One problem perhaps eternal for the beginners: how to create and annotate an image like this one. The image contains hidden lines specific to a 3D body represented in the plan. If the software is easy to use, and possibly free, the better.
Well that image isn't very hard to draw*. But that seems to me a bit premature. I would first start by answering following questions:
Would you know how to draw that by hand. If yes then use a vector drawing application. Like Inkscape or Illustrator, or even something like vectorpaint. This is not much beyond lesson 3 into isometric drawing.
Do you know how to use TEX? If so consider using something like TIX. Or consider pylab/Matlab/Mathematica/R/etc. Again not a big deal.
Maybe a cad application? But most likely you may need 2 apps.
What do you consider easy? I mean there is no application that can just magically do that image with no training whatsoever.
Where do you intend to use the image?
* I could do the same in illustrator in less than 10 minutes.
My option regarding the free software is pretty simple.
For a real 3D model Blender https://www.blender.org/
For the anotations Inkscape https://inkscape.org/
You also could use for example Sketchup* https://www.sketchup.com to generate a 3D model to be used as a reference, (and then manually drawn in Inkscape), but Blender have some options to export to SVG (2D vector format)
But I would use Blender on more complex scenes, and probably if you want some kind of diferent perspectives, or you have some crazy slicing on the model.
The specific Image as joojaa pointed out is pretty simple to do as an isometric image, so the cuts on the sphere for example are simple elipses. In that case, Inkscape alone will do.
- Sketchup aditionally has something called "Face Me" components. This would be handly for example to put some labels that stay in the 3D space when rotating and moving the camera arround. The problem is that you need to render as raster images, not vector. But if the images are small inclusive a screen capture would be a fast way to get them from screen.
A low cost and easy to use option = Use a freeware 3D CAD for the base drawing and add the annotations in a drawing program
Here is sample screenshots (=bitmaps) from Design Spark Mechanical. That program is a free version of SpaceClaim Engineer 3D modeler. DSM's professional usage is prohibited by disabling a carefully selected part of the functionality - for example the text annotations.
Drawing colored extras is left possible.
The pictures are bitmap screenshots (=BMP). From left to right:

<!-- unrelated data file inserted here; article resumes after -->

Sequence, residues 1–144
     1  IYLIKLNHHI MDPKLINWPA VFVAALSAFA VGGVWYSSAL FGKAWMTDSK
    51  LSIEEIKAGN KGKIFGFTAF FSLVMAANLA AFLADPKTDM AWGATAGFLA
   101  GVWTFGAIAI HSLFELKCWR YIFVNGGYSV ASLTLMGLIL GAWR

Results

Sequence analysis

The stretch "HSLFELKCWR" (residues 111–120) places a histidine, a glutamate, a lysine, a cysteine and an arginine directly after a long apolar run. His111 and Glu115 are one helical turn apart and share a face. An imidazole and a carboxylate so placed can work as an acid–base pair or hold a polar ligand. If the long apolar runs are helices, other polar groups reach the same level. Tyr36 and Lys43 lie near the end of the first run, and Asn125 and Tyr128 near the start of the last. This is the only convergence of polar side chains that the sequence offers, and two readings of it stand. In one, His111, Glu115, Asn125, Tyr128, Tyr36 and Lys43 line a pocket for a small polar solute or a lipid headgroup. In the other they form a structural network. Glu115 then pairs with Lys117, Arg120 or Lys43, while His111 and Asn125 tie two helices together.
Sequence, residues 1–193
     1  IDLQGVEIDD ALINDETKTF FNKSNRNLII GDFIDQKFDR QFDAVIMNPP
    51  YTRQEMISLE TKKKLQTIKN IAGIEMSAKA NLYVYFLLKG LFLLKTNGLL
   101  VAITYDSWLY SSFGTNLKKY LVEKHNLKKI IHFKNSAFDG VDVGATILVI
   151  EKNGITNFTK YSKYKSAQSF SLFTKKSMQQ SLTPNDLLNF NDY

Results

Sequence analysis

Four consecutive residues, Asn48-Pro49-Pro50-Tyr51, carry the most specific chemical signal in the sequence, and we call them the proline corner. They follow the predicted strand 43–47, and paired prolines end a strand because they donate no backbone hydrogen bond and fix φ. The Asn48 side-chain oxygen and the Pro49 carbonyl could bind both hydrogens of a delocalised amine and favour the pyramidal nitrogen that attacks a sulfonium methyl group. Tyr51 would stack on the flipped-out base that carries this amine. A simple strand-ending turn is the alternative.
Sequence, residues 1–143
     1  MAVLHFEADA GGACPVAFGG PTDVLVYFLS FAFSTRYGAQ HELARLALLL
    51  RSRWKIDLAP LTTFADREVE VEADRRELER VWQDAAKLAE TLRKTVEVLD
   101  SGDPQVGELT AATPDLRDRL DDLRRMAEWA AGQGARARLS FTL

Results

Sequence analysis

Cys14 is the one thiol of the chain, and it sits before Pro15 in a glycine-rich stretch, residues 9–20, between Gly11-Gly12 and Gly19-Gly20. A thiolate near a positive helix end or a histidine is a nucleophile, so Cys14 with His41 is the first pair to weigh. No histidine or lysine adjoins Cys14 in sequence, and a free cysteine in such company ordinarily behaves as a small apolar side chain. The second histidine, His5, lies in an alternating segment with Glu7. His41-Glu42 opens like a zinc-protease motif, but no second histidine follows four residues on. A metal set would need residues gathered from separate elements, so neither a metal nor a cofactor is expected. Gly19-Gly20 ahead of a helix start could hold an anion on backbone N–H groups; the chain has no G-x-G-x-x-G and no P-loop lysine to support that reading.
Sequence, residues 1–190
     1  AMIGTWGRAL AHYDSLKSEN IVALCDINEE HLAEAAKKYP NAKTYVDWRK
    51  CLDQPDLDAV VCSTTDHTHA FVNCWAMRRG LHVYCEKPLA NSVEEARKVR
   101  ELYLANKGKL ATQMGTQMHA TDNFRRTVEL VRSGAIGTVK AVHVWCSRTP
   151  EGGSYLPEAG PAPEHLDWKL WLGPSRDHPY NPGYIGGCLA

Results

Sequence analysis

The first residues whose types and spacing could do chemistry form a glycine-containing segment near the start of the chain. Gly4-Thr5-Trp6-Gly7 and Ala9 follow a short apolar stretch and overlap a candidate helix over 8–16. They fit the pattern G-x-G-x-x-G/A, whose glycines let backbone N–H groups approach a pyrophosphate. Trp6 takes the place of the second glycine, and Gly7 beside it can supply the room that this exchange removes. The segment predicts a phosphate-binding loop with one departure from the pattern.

- hidden line (=wireframe without removing hidden lines, which are shown a little lighter
- hidden line, but some parts are selected
- In Photoshop enhanced version; line widths are doubled and hidden lines are spliced by the eraser
Unfortunately the output is not a vector drawing, only a bitmap. But it's resolution is full computer screen. So, the screenshots are useful in vector drawing programs.
If you need the images as vectors, do not expect good automatic tracing results from Inkscape's Trace Bitmap or Illustrator's Live Trace. I have not found even nearly usable settings in Inkscape. In Illustrator the big arcs and long lines get traced quite well (trace only strokes), but the dense central part must be redrawn manually. See the result:
DesignSpark Mechanical does not allow to edit imported non-native 3D files. That's a part of the "no freeware for professional users" policy.
An easy way to get mathematical symbols is copying and pasting from an equation editor. I have relatively new MS Powerpoint. From there one can launch (by Insert an equation) MS Equation 3. It's not a high quality math typesetter, but usable in many cases. The equations can even be pasted as vector images to Adobe Illustrator. Unfortunately Inkscape ignores them.
MS Visio is much more capable drawing program than Powerpoint for technical illustrations. It also has MS Equation.
About Open Office:
It has everything to add rich annotations. But its user interface needs serious studies. It's so different when compared to Inkscape or Adobe's and Microsoft's stuff. For example tracing manually some curves is very difficult until one succeeds to forget, how the curves were drawn in Illustrator or Inkscape.